The Minister for Finance and the Minister of State for Financial Services have recently published the General Scheme of the Financial Services and Pensions Ombudsman Bill 2016 (the “Bill”). The Bill sets out in detail a proposal to amalgamate the offices of the Financial Services Ombudsman and Pensions Ombudsman into the office of the Financial Services and Pensions Ombudsman (“FSPO”).

The Public Service Reform Plan (the “Plan”) launched in November 2011, provided for the rationalisation and review of State Bodies. The Plan aimed to deliver enhanced service efficiencies, together with ensuring a more focused and democratically accountable Public Service. The Plan put in motion the idea of amalgamating the offices of the Financial Services Ombudsman and Pensions Ombudsman. Minister of State for Financial Services, Eoghan Murphy noted that the publication of the Bill “is a significant milestone in the progression of legislation to amalgamate the offices of the Financial Services Ombudsman and Pensions Ombudsman”.

Proposals outlined in the Bill

The draft legislation covers three main areas:

  1. the role and functions of the FSPO;
  2. the establishment and operation of the FSPO Council; and
  3. the consumer complaints procedure.

The Bill proposes to dissolve the existing separate offices and provides for the transfer of the functions of both the Financial Services Ombudsman and Pensions Ombudsman to the new office of the FSPO.

The Bill also references the transfer of assets, property, rights and liabilities, the continuation of leases, licences and permissions, together with the transfer of responsibility for liabilities arising before the transfer from the dissolved bodies of the Financial Services Ombudsman and the Pensions Ombudsman to the FSPO.

The Bill provides for the setup and structure of the FSPO Council and the dissolution of the existing Financial Services Ombudsman Council which shall come into operation on the day of establishment of the FSPO. The Bill sets out in detail the functions and powers of the Council, including the power to make regulations to set levies and fees and have appropriate powers to collect levies. This will be a new governing body for the Pensions Ombudsman as it has no similar structure currently in place.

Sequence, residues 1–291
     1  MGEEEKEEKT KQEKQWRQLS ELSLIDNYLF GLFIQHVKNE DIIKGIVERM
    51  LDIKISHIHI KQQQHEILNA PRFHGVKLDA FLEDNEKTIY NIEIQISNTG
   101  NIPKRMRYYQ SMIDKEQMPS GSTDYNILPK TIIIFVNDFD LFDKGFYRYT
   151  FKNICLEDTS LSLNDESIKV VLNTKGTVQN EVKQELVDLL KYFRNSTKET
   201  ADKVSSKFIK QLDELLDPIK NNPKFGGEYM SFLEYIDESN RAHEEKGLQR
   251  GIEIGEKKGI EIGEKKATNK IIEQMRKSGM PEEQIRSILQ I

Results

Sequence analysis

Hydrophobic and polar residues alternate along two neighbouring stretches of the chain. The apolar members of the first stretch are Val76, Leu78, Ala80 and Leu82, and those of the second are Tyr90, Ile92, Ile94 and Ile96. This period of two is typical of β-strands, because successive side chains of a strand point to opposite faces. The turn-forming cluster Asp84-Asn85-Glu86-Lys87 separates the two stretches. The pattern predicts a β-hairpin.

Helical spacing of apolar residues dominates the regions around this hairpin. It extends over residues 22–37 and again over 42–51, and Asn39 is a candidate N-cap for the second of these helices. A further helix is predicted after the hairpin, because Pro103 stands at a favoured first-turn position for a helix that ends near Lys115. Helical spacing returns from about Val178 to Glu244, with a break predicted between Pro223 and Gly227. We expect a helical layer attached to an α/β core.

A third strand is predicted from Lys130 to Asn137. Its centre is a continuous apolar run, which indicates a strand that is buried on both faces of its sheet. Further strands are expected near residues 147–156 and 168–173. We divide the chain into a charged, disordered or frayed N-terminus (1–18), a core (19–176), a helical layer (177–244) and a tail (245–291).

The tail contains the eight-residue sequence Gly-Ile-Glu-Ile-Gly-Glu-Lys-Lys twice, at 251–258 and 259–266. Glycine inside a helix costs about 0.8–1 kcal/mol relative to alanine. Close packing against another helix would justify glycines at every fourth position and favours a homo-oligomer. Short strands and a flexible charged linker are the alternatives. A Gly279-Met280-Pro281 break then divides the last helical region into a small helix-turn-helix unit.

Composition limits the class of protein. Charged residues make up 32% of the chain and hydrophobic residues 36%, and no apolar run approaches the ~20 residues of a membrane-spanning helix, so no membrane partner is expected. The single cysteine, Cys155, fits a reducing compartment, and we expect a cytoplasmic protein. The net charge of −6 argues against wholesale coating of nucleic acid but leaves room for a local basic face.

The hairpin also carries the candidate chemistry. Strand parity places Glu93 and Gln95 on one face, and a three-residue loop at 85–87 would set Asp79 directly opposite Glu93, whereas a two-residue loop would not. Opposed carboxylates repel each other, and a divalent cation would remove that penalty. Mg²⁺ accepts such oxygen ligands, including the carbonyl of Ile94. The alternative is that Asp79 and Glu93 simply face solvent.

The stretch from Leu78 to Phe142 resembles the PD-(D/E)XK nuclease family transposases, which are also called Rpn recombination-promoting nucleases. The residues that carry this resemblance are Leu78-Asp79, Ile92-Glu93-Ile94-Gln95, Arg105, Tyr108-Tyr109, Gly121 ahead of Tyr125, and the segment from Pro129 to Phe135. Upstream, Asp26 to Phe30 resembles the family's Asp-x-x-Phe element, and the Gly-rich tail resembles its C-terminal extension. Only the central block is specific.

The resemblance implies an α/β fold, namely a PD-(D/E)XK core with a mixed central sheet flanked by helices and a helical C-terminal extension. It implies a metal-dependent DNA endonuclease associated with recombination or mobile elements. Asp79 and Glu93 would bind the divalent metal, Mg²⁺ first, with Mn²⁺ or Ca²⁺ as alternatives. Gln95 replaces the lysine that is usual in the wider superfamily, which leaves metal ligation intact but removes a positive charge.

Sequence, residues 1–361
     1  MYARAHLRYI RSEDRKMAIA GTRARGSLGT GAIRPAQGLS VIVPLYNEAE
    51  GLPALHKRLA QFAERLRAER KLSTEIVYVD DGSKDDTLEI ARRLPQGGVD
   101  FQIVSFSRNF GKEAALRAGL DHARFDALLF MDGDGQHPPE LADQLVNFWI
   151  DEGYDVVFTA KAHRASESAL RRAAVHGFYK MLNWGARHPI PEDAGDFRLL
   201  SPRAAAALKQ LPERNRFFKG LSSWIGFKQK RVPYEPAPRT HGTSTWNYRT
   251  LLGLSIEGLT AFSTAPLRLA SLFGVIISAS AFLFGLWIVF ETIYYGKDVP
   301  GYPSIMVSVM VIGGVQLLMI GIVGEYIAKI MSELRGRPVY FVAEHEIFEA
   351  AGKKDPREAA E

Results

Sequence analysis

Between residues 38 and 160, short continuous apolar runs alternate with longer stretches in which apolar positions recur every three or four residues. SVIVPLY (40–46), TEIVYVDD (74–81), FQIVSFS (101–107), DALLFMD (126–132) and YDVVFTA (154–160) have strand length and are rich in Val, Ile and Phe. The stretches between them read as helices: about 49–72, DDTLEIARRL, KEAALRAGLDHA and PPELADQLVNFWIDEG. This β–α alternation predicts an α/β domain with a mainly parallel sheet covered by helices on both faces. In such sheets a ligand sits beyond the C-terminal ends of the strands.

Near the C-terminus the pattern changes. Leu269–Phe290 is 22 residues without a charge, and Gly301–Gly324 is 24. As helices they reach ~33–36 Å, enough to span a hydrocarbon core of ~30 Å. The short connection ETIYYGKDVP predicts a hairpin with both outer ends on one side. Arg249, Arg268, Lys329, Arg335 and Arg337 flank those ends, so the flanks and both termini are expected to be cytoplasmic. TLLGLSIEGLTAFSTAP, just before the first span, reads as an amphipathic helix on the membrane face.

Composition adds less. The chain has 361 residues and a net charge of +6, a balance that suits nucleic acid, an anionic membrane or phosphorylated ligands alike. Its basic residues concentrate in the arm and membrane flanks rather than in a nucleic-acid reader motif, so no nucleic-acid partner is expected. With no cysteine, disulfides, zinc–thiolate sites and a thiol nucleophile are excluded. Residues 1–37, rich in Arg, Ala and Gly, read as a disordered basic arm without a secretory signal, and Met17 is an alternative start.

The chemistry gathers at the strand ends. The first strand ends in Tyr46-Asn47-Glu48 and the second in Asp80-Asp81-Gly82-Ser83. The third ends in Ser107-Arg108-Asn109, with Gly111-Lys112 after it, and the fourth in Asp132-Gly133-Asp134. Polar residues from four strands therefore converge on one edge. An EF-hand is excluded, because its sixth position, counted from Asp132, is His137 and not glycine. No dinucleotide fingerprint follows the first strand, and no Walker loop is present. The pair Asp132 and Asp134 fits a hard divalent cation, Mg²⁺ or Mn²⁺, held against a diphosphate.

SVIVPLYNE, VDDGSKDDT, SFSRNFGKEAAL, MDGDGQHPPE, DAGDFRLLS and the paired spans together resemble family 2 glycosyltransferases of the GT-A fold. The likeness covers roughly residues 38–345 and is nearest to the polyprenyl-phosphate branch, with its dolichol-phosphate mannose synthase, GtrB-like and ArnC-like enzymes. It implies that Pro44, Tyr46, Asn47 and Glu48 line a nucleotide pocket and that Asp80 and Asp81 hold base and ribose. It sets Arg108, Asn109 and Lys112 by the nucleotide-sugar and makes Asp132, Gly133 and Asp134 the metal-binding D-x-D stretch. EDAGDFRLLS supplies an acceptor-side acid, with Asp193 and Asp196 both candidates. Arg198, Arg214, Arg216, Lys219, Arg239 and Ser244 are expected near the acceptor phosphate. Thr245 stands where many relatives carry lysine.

Other notable changes indicated in the Bill include:

  1. the FSPO can continue a case following the death of a beneficiary;
  2. the FSPO can issue preliminary determinations to give the parties a level of expectation of the final decision; and
  3. the FSPO has the power to inform the relevant authorities in instances where there is a persistent pattern of complaints.

The Bill sets out the powers of mediation, investigation, and adjudication of the FSPO. It will retain the powers of a High Court Judge in carrying out investigations. The FSPO will adopt rules of procedure for dealing with complaints and will have to publish these rules.

The Bill also proposes allowing the FSPO waive the requirement that the complaint has to go through an internal dispute resolution process. This would occur in instances where the “complaint is of such importance as to warrant waiving the process”.

Conclusion

The Minister for Finance confirmed the Bill to amalgamate the offices has now become priority legislation, noting, “This legislation concerning the hearing of consumer complaints by the Ombudsman is important legislation and should help improve the service to the consumer of financial services and pensions provided by two existing bodies.”

The Pensions Ombudsman dealt with 1413 new cases in 2015, which represented a 7% increase from 2014. If this upward trend continues it will be interesting to see whether the office of the FSPO will have adequate resources to cope. Or will we all hark back to the glory days when Paul Kenny, who was the Pensions Ombudsman for over 13 years, reigned supreme at his offices on Upper Mount Street?